Agree the judge should be in some other line of work. Where I worked in the past an accounting clerk managed to embezzle around $800k over a five year period. No jail time, restitution was $200 a month. That’s pretty good for her considering she redid their has an upped the value, nice trips, new car. Few years later another company called our controller and asked how she did that, obviously was at it again. Making crime pay

Spike (@guest_178116)
1 year ago

I cannot even comment fully on what I think of this judge’s despicable light sentence. We’re talking very serious felonies…one of which could have injured or killed responding fire fighters or spread and done even more damage.

Alas, being a lifetime Minnesota resident, I’m not the least bit shocked by this slap on the wrist. But I suppose the honorable judge could have sentenced him to a lifetime of fishing winters from his stolen ice house and ordering a boat dealer to provide a new boat for summer fishing, as community service, by having him donate his catch to a local food bank…with no possibility of parole! 😉 🙂

TIM MCRAE (@guest_178107)
1 year ago

The judge needs to be cained.

Lets give him a trophy for being the best fire starting oxygen thief of the year as well.

Perhaps if we reward him he won’t do it again, and by this example we will deter the next poor victim from rebelling against oppression.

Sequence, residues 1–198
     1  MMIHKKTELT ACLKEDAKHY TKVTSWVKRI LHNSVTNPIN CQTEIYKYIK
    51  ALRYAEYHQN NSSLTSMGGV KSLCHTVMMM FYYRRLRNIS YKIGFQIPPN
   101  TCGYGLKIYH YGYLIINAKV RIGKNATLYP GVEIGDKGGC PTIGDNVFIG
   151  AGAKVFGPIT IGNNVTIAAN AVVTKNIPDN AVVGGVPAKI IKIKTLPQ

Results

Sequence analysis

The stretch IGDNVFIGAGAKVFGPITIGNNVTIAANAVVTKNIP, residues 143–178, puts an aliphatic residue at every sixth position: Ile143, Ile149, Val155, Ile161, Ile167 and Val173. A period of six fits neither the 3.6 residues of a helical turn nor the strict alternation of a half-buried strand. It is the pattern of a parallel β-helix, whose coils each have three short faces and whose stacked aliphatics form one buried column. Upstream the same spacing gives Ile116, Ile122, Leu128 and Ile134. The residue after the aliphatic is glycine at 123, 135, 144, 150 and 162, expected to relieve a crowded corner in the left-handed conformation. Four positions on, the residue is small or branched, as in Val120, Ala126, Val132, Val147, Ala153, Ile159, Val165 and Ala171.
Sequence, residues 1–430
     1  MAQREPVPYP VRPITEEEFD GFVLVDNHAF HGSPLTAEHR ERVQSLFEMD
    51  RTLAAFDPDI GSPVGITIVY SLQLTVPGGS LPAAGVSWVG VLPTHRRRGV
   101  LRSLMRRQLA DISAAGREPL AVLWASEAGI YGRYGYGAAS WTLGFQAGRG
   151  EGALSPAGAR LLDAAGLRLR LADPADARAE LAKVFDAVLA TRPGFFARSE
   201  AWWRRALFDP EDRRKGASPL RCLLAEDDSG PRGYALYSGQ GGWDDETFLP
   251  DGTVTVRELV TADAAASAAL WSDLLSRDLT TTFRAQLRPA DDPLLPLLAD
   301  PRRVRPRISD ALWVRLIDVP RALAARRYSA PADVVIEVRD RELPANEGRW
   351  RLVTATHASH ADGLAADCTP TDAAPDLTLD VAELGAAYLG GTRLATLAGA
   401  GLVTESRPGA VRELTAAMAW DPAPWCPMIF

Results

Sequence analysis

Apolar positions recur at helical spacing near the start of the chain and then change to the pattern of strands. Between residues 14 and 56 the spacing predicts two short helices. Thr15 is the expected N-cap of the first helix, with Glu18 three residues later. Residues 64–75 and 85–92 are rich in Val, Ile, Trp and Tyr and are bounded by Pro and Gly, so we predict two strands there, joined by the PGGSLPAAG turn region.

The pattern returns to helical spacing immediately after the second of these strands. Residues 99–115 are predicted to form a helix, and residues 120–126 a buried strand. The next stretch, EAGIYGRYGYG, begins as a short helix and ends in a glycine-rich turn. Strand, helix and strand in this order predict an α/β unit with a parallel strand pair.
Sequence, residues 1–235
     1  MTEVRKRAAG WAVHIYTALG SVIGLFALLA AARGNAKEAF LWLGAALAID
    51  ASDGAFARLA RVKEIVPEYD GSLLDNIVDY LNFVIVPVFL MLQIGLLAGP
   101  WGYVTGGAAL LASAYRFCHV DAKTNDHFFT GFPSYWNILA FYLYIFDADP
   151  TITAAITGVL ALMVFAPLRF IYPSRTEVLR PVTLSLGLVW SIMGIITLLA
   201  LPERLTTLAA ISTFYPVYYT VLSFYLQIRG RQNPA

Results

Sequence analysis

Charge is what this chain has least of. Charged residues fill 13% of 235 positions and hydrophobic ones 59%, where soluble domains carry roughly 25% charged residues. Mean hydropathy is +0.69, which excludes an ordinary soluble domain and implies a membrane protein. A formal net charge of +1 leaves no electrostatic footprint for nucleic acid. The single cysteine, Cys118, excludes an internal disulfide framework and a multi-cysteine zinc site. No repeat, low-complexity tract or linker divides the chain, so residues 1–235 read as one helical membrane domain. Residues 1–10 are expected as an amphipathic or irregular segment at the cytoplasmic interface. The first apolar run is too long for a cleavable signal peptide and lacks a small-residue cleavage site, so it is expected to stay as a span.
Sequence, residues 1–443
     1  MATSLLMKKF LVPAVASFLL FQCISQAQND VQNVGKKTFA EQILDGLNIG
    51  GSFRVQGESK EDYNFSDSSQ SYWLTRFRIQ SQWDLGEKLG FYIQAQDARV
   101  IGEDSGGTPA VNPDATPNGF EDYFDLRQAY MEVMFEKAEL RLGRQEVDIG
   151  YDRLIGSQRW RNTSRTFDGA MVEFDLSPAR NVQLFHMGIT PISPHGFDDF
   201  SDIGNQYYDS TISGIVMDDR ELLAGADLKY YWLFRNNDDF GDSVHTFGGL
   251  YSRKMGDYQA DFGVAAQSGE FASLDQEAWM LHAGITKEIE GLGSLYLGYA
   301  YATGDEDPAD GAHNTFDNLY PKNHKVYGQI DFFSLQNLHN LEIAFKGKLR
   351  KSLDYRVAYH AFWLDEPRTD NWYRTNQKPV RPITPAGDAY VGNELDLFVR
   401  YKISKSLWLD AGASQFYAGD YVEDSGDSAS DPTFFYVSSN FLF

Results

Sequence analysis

If he is the best custodian for his child then the child will be better off with a foster family who might correct the damage that has clearly already been done.

Forget the restitution! What a joke.

We need to go back to labor camps.

Penalty: At least 4 years hard labor. Prison officials can review his abilities and ensure he is punished.

Bob p (@guest_178078)
1 year ago

It must’ve been a liberal judge to give him that light of a sentence. As anybody whose ever experienced a lawsuit knows, when it’s turned over to a civil case and he gets sued, winning a judgement is easy, collecting it is hard. The judge should’ve taken the $500 child support that he’s going to realize and apply that to the restitution. Also his disability should be investigated to ensure he’s not cheating on that.

Larry Lee (@guest_178057)
1 year ago

Why not include a percentage of any earned income in addition to the $100 per month from his disability check just in case he manages to GET A JOB? I mean, he was able to research online, start a fire, hitch up the trailer and drive it away. Really, $100 per month will take about 1000 years to pay the debt. How about probation for the rest of his life or until he pays the debt off, whichever comes first?

Dave (@guest_178050)
1 year ago

He got off too easy.

Seann Fox (@guest_178048)
1 year ago

Every time he misses a payment he should be cained